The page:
This week saw the release of Microsoft’s latest version of SharePoint – 2010 - into the sweaty hands of developers and systems engineers across the world. While some of you you may be (correctly) nonplussed by this, those of us in the SharePoint community have been waiting for this moment for quite some time. Before you shout the words “geek!” or “nerd!” let me explain why this is important to me, and possibly why it matters to you too.
Improved Document and Records Management
SharePoint 2007 gave us an opportunity to collaborate on and manage our documents in a sensible way. Document libraries to store documents in, with file versioning and file locking with check-in/check-out and document approvals. There was even a rudimentary records management system, but it wasn’t very highly regarded by the records management industry.
SharePoint 2010 builds on this with more robust records management functionality, such as multi-level file plans, unique expiration and disposition, out-of-the-box metadata based classification, in-place records management and unique and persistent records identifiers. There are tons of other records management functionality in there too, more than enough to satisfy the needs of most organisations.
SharePoint also has much better handling of folders in this version too, which I am sure our users here at UWE will be pleased to see. Folders are now first-class citizens in SharePoint, both from a permissions perspective and from a records management perspective.
FAST People Search
The FAST search product has now been brought right into SharePoint 2010. It allows us to do things such as “faceted search” so that you can refine a search based on a set of metadata or refiners. This is critical for research and analysis applications where precise counts on facets are important decision making criteria. (You can see examples of deep refiners on FAST ESP powered sites like scirus.com and dell.com.)
Visual document thumbnails and previewer Web Parts will be out-of-the-box with FAST Search for SharePoint 2010 to help users more quickly judge what is relevant in a search result list. This includes a graphical previewer for PowerPoint presentations based on Microsoft Silverlight that allows users to quickly find the “one slide” of interest without having to open up the entire presentation.
The social experience is very important to most users these days. Office 2010 and SharePoint now work closely together to provide a whole raft of services.
One of these features is the new activity feed that tracks a user’s interactions with SharePoint. In Outlook 2010 you can now view other people’s activity feeds by way of the Outlook Social Connector. This is extensible through the Office SDK, and this has been used already by LinkedIn (and soon Twitter and Facebook)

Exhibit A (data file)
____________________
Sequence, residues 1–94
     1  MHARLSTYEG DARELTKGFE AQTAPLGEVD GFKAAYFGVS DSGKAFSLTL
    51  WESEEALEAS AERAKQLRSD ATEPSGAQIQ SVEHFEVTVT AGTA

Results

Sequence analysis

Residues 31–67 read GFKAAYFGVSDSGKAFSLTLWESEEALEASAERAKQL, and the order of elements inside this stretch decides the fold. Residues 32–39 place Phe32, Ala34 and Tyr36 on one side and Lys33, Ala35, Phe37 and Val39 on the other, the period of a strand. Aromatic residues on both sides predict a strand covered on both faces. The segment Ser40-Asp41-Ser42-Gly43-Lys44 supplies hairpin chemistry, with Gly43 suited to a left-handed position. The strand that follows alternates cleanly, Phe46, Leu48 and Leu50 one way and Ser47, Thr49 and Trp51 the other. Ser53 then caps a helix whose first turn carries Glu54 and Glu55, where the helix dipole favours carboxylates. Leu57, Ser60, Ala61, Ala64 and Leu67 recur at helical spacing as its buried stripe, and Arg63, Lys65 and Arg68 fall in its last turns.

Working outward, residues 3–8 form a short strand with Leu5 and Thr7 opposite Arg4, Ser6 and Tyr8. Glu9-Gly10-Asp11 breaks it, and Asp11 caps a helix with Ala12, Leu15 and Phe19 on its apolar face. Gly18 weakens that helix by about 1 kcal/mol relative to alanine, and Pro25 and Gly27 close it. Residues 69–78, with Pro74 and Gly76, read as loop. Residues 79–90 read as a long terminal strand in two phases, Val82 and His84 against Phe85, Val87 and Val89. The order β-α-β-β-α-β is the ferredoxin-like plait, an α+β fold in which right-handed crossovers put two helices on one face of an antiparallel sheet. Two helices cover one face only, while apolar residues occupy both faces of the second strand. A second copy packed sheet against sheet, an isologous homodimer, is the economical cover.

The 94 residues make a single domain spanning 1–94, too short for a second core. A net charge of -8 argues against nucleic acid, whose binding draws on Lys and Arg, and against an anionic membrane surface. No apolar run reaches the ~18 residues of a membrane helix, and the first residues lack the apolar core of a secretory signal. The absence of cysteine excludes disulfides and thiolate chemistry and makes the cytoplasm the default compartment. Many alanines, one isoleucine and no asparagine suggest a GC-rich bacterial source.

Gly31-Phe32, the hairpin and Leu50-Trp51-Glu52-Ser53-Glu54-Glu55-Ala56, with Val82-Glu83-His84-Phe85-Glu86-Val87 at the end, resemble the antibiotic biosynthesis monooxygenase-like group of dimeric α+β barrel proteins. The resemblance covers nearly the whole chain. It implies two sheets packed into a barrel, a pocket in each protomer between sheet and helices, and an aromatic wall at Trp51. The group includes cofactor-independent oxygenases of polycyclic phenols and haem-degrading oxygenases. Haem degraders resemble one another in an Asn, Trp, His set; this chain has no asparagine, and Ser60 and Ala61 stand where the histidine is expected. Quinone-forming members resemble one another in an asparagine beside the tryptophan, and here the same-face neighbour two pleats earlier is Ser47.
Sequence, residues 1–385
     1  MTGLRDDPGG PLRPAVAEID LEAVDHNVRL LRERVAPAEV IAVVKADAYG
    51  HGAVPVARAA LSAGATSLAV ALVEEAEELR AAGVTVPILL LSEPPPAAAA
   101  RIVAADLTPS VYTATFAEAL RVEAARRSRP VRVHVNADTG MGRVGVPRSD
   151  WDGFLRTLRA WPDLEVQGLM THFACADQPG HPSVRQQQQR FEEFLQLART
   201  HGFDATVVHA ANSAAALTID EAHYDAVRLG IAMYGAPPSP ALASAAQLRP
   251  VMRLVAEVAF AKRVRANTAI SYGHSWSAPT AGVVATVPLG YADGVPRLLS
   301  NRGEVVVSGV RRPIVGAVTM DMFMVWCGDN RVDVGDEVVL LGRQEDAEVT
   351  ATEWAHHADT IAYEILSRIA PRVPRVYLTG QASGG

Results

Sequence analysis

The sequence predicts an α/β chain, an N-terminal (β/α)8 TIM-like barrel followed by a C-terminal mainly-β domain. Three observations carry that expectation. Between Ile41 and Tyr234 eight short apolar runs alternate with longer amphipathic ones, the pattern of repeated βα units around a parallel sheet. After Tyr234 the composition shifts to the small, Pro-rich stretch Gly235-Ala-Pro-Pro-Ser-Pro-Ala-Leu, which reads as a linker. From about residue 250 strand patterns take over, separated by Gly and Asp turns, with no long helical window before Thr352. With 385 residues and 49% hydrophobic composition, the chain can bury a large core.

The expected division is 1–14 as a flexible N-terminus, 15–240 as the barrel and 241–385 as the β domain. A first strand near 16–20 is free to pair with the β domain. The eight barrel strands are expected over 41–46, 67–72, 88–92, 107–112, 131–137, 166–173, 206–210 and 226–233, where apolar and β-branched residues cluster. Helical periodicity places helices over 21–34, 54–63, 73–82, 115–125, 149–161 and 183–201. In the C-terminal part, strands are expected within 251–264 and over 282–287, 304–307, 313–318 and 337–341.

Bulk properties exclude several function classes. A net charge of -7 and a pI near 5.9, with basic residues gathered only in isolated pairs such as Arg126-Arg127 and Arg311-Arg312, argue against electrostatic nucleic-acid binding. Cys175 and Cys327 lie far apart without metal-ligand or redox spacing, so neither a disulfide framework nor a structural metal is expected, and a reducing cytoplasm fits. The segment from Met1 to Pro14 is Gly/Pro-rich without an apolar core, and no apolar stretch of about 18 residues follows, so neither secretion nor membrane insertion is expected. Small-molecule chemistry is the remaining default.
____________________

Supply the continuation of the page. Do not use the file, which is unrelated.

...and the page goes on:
Screenshot taken from http://blogs.msdn.com/outlook/archive/2009/11/18/announcing-the-outlook-social-connector.aspx
Used in conjunction with the MySite, this gives you a really rich way of interacting with colleagues both in your department but also in the wider organisation. Really share knowledge.
The other thing that Outlook and SharePoint 2010 have is the ability to share and manage multiple calendars. Now you can have Exchange and SharePoint Calendars on the same page, with overlays, and colour coding. Room bookings anyone?
Many people use PowerPoint, and love it or hate it, it has become a standard in the business world for delivering presentations. The problem is that some users have problems with accessing PowerPoint remotely, so people have often resorted to products such as Live Meeting, GoTo or Webex to show a presentation on the internet.
Now that won’t be necessary, we now have the PowerPoint Broadcast Service. Free of charge, you can now present your slide show over the internet for up to 50 users simultaneously.
Many users at UWE will be familiar to InfoPath. We have been developing lots of forms that were previously paper processes (and we were as surprised as anyone when we found out how many processes were STILL paper based) and deploying them as InfoPath 2007 or web based replacements. InfoPath 2010 will give us even more integration with SharePoint 2010, with the ability for our users to develop and create professional web forms.
Multi Browser Support
This is a really good direction that Microsoft has been going in for quite some time, and with 2010 we finally have what they call Tier 1” support for Firefox. It’s not that SharePoint 2007 didn't work with other browsers, it did, but it sometimes was a pain especially when it came to documents. Now that has gone as it is now much easier to open, edit and view Office 2007 and Office 2010 files from Firefox. And it is much improved for Safari too.
Ribbon Bar and better Navigation
One of the biggest gripes that our users here have is the navigation in SharePoint and the utilities on the top link bar.
The ribbon makes life much easier when you are in document libraries and lists, pulling together all kinds of commands that were spread out in several different place before. The ribbon changes depending on what area you are looking at to give you targeted commands.
Navigation is improved in SharePoint 2010, with the ability to create navigation hierarchies based on taxonomy. What’s that I hear you cry? Well, you can now create menus based on tags that have been applied to documents. In fact you can also base navigation on defined search terms using the FAST search engine (faceted search again). If you are involved in research, this a valuable set of features.
When Can We Have It?
SharePoint 2010 is available, well, from last week. Here at UWE we are committed to bringing it to most people before the end of this year (2010) so keep watching this space for updates!